Thought for the day

"Civil disobedience, as I put it to the audience, was not the problem, despite the warnings of some that it threatened social stability, that it led to anarchy. The greatest danger, I argued, was civil obedience, the submission of individual conscience to governmental authority. Such obedience led to the horrors we saw in totalitarian states, and in liberal states it led to the public's acceptance of war whenever the so-called democratic government decided on it.  In such a world, the rule of law maintains things as they are. Therefore, to begin the process of change, to stop a war, to establish justice, it may be necessary to break the law, to commit acts of civil disobedience, as Southern blacks did, as antiwar protesters did." -- Howard Zinn, from "You Can't Be Neutral on a Moving Train"

A room full of women trying hard to emulate the "real danger" present in the master poster hanging in the background. It looks like some kind of class, like a high school or college art class.

They can all work on the same poster because they are making multiple prints at the same time. To be honest, that many people working on multiple prints at the same time may be faster and more efficient than doing a machine with the technology of the day. Not to mention the fact that while a machine requires valuable resources, many would be willing to make such a point to support the war effort.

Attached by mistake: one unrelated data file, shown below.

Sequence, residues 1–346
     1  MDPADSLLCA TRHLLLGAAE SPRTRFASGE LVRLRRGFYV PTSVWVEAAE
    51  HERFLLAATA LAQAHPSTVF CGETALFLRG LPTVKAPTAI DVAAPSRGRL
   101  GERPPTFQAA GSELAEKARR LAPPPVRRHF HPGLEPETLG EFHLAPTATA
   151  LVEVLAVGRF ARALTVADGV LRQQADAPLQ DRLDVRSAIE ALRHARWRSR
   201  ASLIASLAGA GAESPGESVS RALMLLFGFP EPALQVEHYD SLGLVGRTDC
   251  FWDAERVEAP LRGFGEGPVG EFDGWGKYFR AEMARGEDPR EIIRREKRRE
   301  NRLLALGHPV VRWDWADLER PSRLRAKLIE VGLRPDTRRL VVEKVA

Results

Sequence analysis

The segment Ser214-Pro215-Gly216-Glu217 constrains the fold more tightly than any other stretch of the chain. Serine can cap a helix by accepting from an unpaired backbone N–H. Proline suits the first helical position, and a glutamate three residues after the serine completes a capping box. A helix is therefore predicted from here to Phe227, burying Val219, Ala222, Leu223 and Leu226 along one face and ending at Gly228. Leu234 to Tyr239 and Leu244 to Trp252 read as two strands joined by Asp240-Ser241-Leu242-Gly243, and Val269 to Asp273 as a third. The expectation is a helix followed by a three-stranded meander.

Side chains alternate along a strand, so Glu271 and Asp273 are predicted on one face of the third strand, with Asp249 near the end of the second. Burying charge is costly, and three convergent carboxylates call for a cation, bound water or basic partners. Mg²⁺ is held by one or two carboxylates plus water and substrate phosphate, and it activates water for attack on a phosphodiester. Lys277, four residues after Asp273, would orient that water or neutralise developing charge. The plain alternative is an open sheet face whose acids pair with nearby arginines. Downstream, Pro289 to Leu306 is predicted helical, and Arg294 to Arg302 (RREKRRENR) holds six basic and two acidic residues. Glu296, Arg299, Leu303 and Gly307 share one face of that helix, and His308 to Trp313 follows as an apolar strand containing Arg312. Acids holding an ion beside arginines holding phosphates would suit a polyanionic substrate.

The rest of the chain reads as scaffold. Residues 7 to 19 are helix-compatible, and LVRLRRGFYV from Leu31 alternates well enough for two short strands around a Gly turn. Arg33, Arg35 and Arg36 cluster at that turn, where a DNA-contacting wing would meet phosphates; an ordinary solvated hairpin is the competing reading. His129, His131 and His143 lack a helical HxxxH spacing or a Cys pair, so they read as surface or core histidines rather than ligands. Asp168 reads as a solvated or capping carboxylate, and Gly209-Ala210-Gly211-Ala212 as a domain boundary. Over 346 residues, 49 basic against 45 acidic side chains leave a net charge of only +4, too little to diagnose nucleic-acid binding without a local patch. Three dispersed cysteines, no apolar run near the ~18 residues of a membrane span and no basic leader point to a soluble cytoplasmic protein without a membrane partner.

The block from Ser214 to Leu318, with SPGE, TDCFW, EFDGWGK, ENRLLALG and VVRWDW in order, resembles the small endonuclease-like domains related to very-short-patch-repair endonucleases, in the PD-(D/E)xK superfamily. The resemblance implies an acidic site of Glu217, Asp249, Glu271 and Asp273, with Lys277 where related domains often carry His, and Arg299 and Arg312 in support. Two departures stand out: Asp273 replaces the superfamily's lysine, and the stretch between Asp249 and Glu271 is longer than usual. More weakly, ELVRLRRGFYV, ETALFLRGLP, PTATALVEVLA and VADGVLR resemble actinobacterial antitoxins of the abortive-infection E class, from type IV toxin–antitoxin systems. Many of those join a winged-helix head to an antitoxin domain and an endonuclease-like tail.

The propaganda is most famous in the form of war posters. But at its core, it is a method of communication that aims to influence the attitude of a community towards some cause or situation, and this is not necessarily a bad thing.

Although propaganda is often used to manipulate human emotions by selectively displaying facts, it can also be very effective in conveying messages.